CSL collected information from electronic hospital admissions records on more than 223,300 singleton deliveries. Over 17,000 of those deliveries were complicated by maternal asthma.

“We found that mothers with asthma have really high rates of obstetric complications,” she said. These include preeclampsia, gestational diabetes, breech presentation, preterm birth and pulmonary embolism. “For nearly every complication we studied, asthmatic women had higher risk.”

In addition, newborns of mothers with asthma also showed increased health risks such as being small for gestational age, NICU (neonatal intensive care unit) admission and jaundice. 

“Interestingly, we find that newborns of mothers with asthma also have higher rates of upper respiratory conditions,” continued Mendola. “So their lung function even as neonates is poorer than babies born to moms who don’t have asthma.”

Mendola speaking with Owens
Mendola chats with Dr. Roland Owens of NIH’s Office of Intramural Research.

Photo:  Credit Chia-Chi Charlie Chang

Examining the effects of certain pollutants on pregnancy complications such as preterm birth and preeclampsia, the AQRH study found significant differences in risks between women with asthma and those without at the same exposure levels.

“Even when the VOC exposure increased preeclampsia risks for non-asthmatic moms, the risk was twice as high for the asthmatic moms,” Mendola said. 

Looking at neonatal respiratory outcomes and air pollution, there was no difference in risk between asthmatic and non-asthmatic moms; all showed about the same amount of risk from air exposure.

Finally, Mendola described the B-WELL-Mom study, which recently completed data collection.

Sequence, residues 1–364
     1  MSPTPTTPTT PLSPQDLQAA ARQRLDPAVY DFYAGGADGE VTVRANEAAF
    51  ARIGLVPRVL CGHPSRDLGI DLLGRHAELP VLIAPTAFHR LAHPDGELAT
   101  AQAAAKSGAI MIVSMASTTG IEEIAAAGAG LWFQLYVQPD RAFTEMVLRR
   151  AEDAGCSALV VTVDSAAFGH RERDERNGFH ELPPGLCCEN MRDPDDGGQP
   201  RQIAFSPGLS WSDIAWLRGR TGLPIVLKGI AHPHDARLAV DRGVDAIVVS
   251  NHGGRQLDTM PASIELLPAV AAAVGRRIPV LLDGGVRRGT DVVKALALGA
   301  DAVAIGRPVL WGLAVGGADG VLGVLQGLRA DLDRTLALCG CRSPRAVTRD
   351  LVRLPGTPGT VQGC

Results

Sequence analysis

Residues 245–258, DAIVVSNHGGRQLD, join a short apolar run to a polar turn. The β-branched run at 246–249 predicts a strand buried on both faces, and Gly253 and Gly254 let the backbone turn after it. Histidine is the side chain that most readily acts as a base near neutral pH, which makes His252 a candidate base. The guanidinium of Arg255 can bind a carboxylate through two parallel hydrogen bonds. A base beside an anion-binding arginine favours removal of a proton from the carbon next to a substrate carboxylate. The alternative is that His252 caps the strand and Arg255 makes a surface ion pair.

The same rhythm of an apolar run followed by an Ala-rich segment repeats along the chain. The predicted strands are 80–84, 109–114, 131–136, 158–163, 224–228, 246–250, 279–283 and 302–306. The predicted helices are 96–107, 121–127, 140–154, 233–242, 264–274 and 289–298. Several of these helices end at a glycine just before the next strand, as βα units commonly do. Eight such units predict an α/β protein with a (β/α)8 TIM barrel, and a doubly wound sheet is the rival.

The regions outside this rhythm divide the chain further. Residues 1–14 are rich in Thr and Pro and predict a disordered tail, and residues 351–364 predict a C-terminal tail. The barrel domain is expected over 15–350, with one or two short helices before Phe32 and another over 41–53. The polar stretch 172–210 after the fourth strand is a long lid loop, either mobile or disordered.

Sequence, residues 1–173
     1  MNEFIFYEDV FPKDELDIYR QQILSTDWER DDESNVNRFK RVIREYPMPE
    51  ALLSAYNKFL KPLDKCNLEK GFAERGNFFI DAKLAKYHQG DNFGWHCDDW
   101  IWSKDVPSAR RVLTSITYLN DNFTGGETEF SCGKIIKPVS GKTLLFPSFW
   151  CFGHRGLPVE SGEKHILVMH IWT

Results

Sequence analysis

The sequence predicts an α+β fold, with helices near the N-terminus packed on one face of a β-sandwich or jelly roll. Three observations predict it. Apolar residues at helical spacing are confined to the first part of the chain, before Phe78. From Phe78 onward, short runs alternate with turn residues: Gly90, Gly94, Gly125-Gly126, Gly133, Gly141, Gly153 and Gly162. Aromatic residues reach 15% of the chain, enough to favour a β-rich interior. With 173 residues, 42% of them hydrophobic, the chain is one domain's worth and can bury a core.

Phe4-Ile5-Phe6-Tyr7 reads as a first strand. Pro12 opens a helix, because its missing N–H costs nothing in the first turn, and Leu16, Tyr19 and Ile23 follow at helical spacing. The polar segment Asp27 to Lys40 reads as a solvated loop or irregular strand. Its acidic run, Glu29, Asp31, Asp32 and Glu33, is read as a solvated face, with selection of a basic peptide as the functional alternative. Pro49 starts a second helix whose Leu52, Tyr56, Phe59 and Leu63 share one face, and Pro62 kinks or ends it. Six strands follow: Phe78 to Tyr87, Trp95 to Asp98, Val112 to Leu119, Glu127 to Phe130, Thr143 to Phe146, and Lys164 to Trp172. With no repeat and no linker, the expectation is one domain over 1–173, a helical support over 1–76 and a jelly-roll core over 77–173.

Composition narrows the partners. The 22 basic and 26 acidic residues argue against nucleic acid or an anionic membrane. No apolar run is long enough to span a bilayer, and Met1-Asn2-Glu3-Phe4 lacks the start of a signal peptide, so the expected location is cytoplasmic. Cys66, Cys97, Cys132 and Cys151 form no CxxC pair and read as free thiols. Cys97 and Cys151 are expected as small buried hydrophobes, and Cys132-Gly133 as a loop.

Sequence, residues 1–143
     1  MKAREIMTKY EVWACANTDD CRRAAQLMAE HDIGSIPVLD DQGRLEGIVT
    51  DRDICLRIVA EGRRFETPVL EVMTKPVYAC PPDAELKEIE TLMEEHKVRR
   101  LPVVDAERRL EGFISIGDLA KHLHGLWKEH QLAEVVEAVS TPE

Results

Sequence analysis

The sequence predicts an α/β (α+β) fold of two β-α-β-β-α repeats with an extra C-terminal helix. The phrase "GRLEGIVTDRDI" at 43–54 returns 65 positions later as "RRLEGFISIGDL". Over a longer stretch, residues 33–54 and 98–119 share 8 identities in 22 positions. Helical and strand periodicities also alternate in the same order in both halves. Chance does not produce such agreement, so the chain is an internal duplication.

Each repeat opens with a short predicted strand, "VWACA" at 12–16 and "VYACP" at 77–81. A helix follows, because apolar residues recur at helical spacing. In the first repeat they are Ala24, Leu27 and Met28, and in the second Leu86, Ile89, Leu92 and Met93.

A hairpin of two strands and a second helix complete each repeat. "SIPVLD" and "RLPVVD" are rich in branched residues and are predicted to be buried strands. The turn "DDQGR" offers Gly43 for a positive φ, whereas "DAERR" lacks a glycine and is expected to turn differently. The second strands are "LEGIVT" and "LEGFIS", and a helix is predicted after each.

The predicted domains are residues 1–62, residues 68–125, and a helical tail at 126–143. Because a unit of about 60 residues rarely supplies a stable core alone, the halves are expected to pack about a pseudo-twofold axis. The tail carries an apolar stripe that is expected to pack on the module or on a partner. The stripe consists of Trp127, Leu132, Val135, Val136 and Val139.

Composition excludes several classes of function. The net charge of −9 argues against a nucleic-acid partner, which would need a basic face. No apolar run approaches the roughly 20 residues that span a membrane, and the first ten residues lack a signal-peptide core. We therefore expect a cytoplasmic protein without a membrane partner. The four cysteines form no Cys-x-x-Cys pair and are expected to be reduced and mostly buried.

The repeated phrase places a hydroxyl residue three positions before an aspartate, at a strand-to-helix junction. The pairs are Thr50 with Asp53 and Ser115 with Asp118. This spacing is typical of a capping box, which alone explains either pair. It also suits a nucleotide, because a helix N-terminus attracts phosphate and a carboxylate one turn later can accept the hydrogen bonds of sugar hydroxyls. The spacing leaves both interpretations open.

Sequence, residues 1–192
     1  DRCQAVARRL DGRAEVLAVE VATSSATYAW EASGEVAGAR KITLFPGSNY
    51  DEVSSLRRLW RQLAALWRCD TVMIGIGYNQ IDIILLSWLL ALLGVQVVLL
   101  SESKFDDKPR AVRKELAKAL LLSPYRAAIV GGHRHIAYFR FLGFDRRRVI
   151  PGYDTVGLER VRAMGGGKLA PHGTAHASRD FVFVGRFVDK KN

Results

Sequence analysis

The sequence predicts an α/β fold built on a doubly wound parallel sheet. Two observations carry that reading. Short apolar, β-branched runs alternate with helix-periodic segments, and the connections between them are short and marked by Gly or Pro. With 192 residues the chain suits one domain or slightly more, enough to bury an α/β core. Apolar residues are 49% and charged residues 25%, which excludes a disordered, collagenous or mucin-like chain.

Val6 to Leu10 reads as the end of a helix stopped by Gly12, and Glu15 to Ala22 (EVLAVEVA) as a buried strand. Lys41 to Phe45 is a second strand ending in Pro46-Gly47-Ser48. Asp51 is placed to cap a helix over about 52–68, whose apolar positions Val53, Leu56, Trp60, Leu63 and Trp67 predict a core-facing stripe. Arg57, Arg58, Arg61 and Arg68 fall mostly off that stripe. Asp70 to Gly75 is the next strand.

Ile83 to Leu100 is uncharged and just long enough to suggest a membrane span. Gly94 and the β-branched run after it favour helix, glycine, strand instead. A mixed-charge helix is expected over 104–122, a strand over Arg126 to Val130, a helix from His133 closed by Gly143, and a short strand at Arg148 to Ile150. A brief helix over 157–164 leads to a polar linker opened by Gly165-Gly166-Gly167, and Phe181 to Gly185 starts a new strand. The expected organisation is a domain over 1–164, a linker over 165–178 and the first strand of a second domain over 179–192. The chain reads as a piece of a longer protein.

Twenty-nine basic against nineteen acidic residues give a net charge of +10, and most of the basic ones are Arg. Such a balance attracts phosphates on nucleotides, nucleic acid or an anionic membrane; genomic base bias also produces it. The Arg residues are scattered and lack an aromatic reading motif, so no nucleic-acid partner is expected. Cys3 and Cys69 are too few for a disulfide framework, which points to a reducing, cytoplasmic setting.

As a clinical study, B-WELL-Mom has several advantages over CSL and AQRH. B-WELL-Mom offers detailed biologic assessments, follows patients over time and looks at whether and how asthma is being controlled and how much symptoms bother the participants. A GPS component can give more detail about the various environments where participants travel over the course of their pregnancies.

B-WELL-Mom also looks at underlying factors that may account for changes in asthma control during pregnancy, such as what may be happening with immune system T cells. 

“There are a few studies that suggest the better your asthma control is during pregnancy, the better your outcomes will be,” Mendola said. “So, good asthma control really mitigates poor outcomes.”

B-WELL-Mom’s primary aim is to identify factors that predict asthma control variability during pregnancy, thereby providing caregivers with data they can use in treatment situations.

“Your immune response to pregnancy—does that tell us something about that phenotype of asthma that may be useful for other therapeutics?” Mendola asked. “[Asthma] is not a trivial disease and has a substantial impact on lifelong morbidity and mortality…These studies also teach us something about the immunology of pregnancy.”

About 5 percent of pregnant asthmatics will be hospitalized with an asthma crisis, she pointed out. Her team wants ways to identify those patients in advance of trouble and perhaps provide clinical interventions.

“Right now, clinicians are seeing 10 percent of the obstetric population with asthma and there is very little data to help them predict who’s going to get worse and who’s going to get better,” Mendola concluded.